Why does a token of achievement, in its physical form always feel more rewarding? If I win, I win a glossy certificate or a shiny medal. What if the races I run have no set finish line? What if it isn’t about reaching there but about the process of running or hobbling all the way? Why can’t the pain in the ankle or the stream of sweat be good enough markers of succeeding?
Sometimes I wonder how much we depend on our sensations; a touch, a smell, a sound, a taste, or a sight. When things get too much, we want to block it out. Run away to a silent hilltop to mute the chaos. Sleep in a dark room where you see nothing, no one sees you. But more often than not, we deeply rely on these.
I have been waiting for an e-mail for the past few days. I will want to touch the laptop screen, run my finger along the length of the e-mail and make sure that it is in fact, there. Only then can I confirm that my mind has not been deceiving me. The fog around my brain will also probably clear out, once I do receive this mail notification.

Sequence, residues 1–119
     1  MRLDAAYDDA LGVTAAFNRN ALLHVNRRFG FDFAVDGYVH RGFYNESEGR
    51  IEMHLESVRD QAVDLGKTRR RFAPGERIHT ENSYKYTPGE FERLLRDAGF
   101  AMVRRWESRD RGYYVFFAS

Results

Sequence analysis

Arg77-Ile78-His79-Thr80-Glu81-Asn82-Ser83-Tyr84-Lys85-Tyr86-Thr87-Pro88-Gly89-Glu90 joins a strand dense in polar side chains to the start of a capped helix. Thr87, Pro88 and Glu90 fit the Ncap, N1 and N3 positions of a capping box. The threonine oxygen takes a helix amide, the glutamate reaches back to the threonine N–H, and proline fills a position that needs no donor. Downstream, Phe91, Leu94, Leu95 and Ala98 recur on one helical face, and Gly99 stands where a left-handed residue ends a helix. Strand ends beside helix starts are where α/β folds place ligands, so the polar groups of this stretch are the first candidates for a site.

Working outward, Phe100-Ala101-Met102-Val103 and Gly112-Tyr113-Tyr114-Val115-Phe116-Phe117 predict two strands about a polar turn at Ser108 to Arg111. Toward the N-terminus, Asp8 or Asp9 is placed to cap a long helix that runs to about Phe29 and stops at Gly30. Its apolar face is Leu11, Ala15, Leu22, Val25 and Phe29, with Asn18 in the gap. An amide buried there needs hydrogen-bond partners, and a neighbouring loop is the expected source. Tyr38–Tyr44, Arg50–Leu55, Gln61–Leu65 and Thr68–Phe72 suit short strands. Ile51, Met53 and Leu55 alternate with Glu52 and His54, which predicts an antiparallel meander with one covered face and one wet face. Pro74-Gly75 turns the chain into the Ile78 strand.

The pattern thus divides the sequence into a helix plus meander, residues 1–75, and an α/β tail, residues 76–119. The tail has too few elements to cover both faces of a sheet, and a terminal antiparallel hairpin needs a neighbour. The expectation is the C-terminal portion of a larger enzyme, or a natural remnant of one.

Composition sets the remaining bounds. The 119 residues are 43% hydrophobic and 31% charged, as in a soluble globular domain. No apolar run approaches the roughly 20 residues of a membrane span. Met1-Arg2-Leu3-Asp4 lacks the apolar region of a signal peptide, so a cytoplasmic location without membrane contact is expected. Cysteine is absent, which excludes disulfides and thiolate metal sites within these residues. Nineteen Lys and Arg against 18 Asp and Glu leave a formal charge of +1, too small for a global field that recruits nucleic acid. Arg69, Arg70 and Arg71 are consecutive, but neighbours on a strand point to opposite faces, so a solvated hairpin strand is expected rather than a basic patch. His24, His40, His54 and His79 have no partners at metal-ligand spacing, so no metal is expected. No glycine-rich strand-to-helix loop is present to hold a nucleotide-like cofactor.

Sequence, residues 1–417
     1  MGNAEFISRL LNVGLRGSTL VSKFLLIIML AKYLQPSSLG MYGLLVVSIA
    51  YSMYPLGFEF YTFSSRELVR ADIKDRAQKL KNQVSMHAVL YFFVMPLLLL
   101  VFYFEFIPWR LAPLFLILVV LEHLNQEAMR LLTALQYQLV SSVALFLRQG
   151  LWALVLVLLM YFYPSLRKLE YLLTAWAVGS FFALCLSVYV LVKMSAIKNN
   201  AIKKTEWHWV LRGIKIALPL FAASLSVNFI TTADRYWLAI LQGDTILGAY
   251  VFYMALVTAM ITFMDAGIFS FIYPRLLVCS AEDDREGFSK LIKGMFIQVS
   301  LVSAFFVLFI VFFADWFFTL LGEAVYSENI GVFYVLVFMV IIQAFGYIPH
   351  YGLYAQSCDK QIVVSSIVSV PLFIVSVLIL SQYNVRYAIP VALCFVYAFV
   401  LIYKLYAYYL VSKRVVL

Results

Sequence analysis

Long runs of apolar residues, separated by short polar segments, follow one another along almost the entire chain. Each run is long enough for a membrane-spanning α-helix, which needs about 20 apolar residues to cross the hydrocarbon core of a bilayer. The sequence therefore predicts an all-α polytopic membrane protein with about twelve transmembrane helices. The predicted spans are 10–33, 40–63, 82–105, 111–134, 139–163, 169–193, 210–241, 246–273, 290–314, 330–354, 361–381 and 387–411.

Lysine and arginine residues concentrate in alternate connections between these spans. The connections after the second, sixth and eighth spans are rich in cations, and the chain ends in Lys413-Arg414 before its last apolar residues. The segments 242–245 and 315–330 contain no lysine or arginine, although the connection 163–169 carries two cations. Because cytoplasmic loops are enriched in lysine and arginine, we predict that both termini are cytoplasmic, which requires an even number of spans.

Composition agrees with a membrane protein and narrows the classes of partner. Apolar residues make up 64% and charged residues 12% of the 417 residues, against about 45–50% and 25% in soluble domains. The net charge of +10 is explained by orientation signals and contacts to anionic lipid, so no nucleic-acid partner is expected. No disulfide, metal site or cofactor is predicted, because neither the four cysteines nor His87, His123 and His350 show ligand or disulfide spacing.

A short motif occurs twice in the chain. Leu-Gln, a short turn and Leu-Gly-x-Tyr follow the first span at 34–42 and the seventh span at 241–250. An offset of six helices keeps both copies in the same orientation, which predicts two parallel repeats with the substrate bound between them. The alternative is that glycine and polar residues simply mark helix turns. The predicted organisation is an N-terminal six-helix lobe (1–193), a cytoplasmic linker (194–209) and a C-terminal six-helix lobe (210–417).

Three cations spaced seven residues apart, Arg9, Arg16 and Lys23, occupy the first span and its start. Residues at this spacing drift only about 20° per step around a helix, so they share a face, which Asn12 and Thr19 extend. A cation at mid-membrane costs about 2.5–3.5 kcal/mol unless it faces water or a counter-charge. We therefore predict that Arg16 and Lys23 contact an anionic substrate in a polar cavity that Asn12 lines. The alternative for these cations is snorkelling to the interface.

Sometimes, in the name of gratitude, I make note of any small good thing that happens in a day. Yesterday, it was that I could sleep well after a long time; I wrote it down in my notes app so that even if my memory fails me, I can still go back and remember this day from 2020. It becomes easier to trust moments if you have written them down; saving all these intangible moments in a web of forever. Yesterday, a kind man made a graphic illustration of a rainbow for me and for once I felt all the tightness around me suspend slowly. The e-mail will arrive, the fog will disperse.
For now, only gratitude.